Below is the text of the speech made by Alan Johnson, the former Home Secretary, in the House of Commons on 2 December 2015.
It is a pleasure to follow the hon. Member for Basildon and Billericay (Mr Baron). During my time in Parliament, it has become a convention that this House authorises military action, whereas previously it was for a Prime Minister to do so under the guise of royal prerogative. Sometimes they would involve the House of Commons; most often they did not. This new convention places a responsibility on Members of Parliament to weigh up the arguments and vote according to their conscience, rather than a parliamentary Whip.
I am not sure if other parties are whipped on this vote or not, but I am pretty sure that nobody in any part of this House would seek to justify their vote tonight by pleading that although they disagreed or agreed with the proposition, the Whip forced them to vote the way they did. On votes such as this, the Whip is irrelevant, except to Front Benchers, perhaps. Although I am grateful to the shadow Cabinet for the free vote my party has been afforded, I do not think it will make the slightest difference to the way we make our decision.
I intend to vote for the motion this evening for one basic reason: I believe that ISIL/Daesh poses a real and present danger to British citizens, and that its dedicated external operations unit is based not in Iraq, where the RAF is already fully engaged, but in Syria. This external operations unit is already responsible for killing 30 British holidaymakers on a beach in Sousse, and a British rock fan who perished along with 129 others in the Paris atrocity a few weeks ago.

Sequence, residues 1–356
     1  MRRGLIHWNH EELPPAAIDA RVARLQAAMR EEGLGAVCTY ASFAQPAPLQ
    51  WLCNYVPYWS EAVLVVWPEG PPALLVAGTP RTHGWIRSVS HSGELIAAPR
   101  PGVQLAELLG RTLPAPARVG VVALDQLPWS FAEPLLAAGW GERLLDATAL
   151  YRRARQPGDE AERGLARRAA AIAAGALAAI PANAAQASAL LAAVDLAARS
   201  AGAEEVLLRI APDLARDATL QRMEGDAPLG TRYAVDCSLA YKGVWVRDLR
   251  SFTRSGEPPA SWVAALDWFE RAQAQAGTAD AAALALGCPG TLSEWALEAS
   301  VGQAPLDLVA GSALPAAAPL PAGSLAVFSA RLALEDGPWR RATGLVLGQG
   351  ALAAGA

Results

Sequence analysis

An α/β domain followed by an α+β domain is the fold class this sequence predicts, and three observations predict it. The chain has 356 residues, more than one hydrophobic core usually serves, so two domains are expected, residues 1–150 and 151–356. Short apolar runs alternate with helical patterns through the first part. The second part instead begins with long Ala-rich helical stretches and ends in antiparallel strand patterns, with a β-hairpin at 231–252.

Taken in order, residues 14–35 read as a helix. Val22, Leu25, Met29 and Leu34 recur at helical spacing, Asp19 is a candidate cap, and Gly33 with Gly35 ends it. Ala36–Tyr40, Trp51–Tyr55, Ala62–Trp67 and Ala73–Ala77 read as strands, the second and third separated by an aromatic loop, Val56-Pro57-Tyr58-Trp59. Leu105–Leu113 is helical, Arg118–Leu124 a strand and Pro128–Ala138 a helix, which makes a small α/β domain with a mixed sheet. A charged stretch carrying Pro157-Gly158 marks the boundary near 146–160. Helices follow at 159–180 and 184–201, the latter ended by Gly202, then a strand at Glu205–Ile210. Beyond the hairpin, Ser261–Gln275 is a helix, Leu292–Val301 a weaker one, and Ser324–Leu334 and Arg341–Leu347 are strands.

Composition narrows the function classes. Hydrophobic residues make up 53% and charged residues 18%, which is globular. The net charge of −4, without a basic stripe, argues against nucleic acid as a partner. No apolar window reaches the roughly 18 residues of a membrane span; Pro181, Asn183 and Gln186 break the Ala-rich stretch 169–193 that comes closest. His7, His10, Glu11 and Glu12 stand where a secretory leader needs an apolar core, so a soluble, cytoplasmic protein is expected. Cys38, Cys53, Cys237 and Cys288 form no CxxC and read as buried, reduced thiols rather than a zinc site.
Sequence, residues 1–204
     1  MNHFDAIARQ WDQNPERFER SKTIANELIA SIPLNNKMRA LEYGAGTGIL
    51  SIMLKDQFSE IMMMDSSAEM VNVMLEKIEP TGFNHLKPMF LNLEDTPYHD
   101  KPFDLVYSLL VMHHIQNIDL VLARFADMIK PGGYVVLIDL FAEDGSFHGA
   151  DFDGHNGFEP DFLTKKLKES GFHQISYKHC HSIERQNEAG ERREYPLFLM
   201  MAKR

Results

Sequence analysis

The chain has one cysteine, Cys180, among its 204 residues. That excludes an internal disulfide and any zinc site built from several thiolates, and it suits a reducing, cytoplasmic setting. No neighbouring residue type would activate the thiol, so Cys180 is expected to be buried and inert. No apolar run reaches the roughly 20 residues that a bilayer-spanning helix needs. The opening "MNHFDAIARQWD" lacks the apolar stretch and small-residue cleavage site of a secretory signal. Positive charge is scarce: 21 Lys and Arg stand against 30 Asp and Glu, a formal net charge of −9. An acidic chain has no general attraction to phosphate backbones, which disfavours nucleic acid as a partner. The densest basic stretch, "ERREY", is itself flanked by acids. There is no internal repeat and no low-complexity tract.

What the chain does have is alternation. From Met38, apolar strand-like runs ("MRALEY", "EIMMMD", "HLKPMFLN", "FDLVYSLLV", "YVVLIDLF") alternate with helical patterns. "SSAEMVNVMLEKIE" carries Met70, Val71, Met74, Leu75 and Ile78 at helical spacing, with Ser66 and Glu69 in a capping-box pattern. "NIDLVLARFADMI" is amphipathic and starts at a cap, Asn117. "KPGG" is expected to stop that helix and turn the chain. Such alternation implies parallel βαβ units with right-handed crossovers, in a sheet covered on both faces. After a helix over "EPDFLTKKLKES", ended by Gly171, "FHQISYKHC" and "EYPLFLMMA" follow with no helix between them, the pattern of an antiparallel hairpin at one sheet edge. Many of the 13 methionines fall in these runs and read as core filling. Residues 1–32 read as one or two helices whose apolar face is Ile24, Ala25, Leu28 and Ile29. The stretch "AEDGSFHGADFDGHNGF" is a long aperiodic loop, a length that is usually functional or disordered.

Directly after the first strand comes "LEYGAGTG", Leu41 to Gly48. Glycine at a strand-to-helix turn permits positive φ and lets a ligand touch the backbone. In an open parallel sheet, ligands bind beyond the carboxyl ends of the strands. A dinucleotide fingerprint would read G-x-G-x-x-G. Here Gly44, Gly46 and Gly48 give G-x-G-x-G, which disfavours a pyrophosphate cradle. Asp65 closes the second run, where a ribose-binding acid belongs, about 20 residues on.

It is true that this unit could have moved out of Raqqa, but that is not what the intelligence services believe. The fact is that just as al-Qaeda needed the safe haven it created for itself in Afghanistan to plan 9/11 and other atrocities, so ISIL/Daesh needs its self-declared caliphate to finance, train, organise and recruit to its wicked cause. Yes, there may be cells elsewhere, but there is little doubt that the nerve centre is in Raqqa. Just over 14 months ago, this House sanctioned military action in Iraq against ISIL/Daesh by 524 votes to 43. Nobody expected that action to bring about a swift end to the threat from ISIL; indeed, the Prime Minister, responding to an intervention, said that
“this mission will take not just months, but years”—[Official Report, 26 September 2014; Vol. 585, c. 1257.]
Many right hon. and hon. Members felt at that time that it was illogical to allow the effectiveness of our action to be diminished by a border that ISIL/Daesh did not recognise. We were inhibited by the absence of a specific UN resolution, so there was some justification for this House confining its response to one part of ISIL-held territory in September 2014. There can surely be no such justification in December 2015—no such justification after Paris, given the request for help from our nearest continental neighbour and close ally in response to the murderous attack that took place on 13 November; and no such justification after UN Security Council resolution 2249.
Paragraph 5 of the resolution, which was unanimously agreed,
“Calls upon Member States that have the capacity to do so to take all necessary measures…to eradicate the safe haven they”—
“have established over significant parts of Iraq and Syria”.
I put to the right hon. Gentleman the point that I would have put to the right hon. Member for Derby South (Margaret Beckett): a similar call from France was met by Germany, which sent reconnaissance aircraft but refused to bomb.